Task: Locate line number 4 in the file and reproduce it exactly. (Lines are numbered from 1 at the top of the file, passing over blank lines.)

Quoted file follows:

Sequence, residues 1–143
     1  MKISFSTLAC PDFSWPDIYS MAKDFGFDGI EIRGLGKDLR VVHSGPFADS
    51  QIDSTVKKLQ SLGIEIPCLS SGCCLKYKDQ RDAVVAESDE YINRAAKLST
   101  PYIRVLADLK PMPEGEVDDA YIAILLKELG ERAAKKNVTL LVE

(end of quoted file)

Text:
   101  PYIRVLADLK PMPEGEVDDA YIAILLKELG ERAAKKNVTL LVE